ImpactAlpha, January 4 – Indonesia is one of the most biodiverse countries on earth. Deforestation, overexploitation of natural resources, climate change and other issues are threatening the country’s natural ecosystems and the communities that depend on them.
Matthew Leggett, formerly with the Wildlife Conservation Society, launched conservation fund Terratai to invest in startups developing solutions to protect Indonesia’s biodiversity. The fund has backing from Hong Kong-based family office RS Group.
There are few durable NGO-led conservation initiatives, and startups are often too niche to scale, Leggett says.
“What we need is radiotherapy across the system,” he told EcoBusiness. The firm plans to invest in pre-seed-stage startups with potential to protect natural resources at scale.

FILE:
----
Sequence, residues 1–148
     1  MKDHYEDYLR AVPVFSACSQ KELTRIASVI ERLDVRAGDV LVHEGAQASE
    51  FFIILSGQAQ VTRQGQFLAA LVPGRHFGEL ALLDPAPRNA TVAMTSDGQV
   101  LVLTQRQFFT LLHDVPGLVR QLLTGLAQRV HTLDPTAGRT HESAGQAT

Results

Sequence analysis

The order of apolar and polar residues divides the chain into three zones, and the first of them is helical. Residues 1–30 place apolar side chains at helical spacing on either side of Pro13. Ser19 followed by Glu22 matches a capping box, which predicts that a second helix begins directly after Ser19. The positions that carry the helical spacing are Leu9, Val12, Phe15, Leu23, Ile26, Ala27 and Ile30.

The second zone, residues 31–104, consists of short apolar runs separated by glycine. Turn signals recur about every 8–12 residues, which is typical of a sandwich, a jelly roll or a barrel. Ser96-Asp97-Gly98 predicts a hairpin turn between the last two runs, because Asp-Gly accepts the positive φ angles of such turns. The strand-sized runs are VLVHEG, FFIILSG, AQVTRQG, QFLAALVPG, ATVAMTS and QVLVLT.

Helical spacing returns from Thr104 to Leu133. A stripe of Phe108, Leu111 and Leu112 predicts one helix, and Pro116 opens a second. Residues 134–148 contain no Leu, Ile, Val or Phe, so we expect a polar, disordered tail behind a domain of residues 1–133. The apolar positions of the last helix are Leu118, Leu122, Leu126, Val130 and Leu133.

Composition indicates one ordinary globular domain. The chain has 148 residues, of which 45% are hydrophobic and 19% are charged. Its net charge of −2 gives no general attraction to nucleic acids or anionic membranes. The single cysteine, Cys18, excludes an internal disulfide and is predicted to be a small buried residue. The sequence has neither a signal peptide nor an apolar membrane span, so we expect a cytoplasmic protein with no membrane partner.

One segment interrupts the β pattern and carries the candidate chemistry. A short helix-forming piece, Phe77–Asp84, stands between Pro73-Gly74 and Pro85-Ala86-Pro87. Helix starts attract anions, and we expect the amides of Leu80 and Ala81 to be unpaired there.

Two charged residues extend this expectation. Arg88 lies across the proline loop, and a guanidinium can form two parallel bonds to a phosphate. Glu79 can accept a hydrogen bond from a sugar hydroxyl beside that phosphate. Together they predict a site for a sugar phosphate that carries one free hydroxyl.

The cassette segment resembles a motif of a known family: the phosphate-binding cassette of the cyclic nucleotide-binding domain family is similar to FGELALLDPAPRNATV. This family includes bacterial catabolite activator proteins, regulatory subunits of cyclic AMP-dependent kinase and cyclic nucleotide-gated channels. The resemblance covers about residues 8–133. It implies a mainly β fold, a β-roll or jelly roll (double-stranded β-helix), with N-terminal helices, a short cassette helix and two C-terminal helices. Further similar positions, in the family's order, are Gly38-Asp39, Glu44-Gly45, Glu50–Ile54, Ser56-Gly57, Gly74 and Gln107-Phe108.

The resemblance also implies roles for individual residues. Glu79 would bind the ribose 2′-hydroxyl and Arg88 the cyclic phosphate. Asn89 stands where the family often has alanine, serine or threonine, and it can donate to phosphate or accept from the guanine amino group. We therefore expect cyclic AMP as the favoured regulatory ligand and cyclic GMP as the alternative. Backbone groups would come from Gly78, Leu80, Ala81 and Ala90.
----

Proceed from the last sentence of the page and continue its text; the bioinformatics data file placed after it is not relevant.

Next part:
A global biodiversity framework was agreed at last month’s COP15 summit in Montreal to quell the current wave of biodiversity loss and extinction. More than $700 billion is needed annually to reverse the decline.
A raft of experimental conservation finance models have emerged in recent years to help biodiversity-rich countries protect and restore natural resources. The Tropical Landscapes Finance Facility is helping Indonesia’s rubber producers protect virgin forests. Seychelles, Belize, Barbados, Ecuador are swapping national debt obligations for conservation commitments. Canada has committed to paying Indigenous communities to protect boreal forests. Australia-based New Forests is directing $200 million to protect African forests.